FCC testing is required for production devices that will be sold. Devices with radios require intentional radiator testing. Some of these tests are done in an RF anechoic chamber and some are done on a bench.
RF Anechoic Chamber
In the image below the Firefly Ice is on the clear plastic table on the right. The FCC testing equipment is on the table on the left. In the center is the antenna that is used by the FCC testing equipment.
Testing consists of putting the device into a transmit test mode and recording the signal received by the FCC test equipment. This is done for a number of frequencies. Each recording takes some time, so gathering the test data can take a while.
Bluetooth 4.0 Direct Test Mode
Bluetooth 4.0 radios have a standardized Direct Test Mode that is used during FCC testing. The direct test mode allows the radio to be set to transmit on a specific frequency so that the radio signal can be measured easily by the test instruments. The Firefly Utility app has controls for direct test mode that can be used during FCC testing.
Try Out Direct Test Mode
The direct test mode can be verified by using one Firefly Ice to send test packets and another to receive test packets.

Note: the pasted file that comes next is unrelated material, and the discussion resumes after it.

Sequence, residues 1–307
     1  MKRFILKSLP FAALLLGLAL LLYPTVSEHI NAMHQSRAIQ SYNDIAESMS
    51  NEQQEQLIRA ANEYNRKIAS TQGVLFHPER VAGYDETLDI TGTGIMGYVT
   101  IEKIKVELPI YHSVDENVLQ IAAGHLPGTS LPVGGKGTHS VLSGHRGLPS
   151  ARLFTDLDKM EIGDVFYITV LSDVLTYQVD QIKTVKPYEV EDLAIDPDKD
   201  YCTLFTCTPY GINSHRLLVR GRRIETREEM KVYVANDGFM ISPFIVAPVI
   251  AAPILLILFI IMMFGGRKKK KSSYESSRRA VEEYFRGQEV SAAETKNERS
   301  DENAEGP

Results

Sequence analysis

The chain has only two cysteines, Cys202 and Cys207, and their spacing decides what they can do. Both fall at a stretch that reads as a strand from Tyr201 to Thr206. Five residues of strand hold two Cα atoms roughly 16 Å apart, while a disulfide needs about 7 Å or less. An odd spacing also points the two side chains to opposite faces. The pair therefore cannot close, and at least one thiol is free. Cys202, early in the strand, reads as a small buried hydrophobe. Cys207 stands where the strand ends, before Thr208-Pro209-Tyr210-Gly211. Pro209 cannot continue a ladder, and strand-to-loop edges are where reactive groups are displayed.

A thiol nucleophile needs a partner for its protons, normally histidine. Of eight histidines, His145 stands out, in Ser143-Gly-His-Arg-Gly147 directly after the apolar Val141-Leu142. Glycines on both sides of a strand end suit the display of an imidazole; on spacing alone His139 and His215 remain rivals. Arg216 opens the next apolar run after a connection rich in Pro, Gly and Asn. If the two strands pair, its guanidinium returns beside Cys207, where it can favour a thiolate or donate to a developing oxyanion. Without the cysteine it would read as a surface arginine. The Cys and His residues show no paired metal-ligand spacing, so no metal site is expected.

Connect to the first Firefly Ice and place it in receive mode for 1 minute.
Connect to the second Firefly Ice and place it in transmit mode for 1 minute.
Wait for 1 minute and reconnect to the second Firefly to check the count of packets received.
For bench testing the radio is connected directly to a frequency analyzer by a cable. To do this the antenna and matching circuit must be bypassed to bring out the RF signal via a 50 Ohm SMA connector. Keeping this in mind when designing your board can make it easier to modify for FCC testing.
The spectrum analyzer is on the right. The red cable connects the analyzer to the Firefly Ice PCBA. The PCBA is seen from its side on the notebook at the lower center of the screen.
If your device connects to a computer or wall charger then you will need to do conducted emissions testing. For this test you plug your device into the computer or wall charger and then those are plugged into a power outlet that is part of the FCC test equipment. Any signal that appears on the power line must be below specific limits.
A Mac Laptop with the Firefly Device plugged in via USB cable is shown below on the table. The FCC test equipment with power outlet is on the right.
It turns out that for the very small very low power devices the main concern is not your device, but the computer or wall charger that you are using. You will actually be mainly testing the chargers and laptops conducted emissions rather than your devices. So it is a good idea to bring a couple of chargers and computers to use with your device for measuring conducted emissions. If one causes issues you can try the others...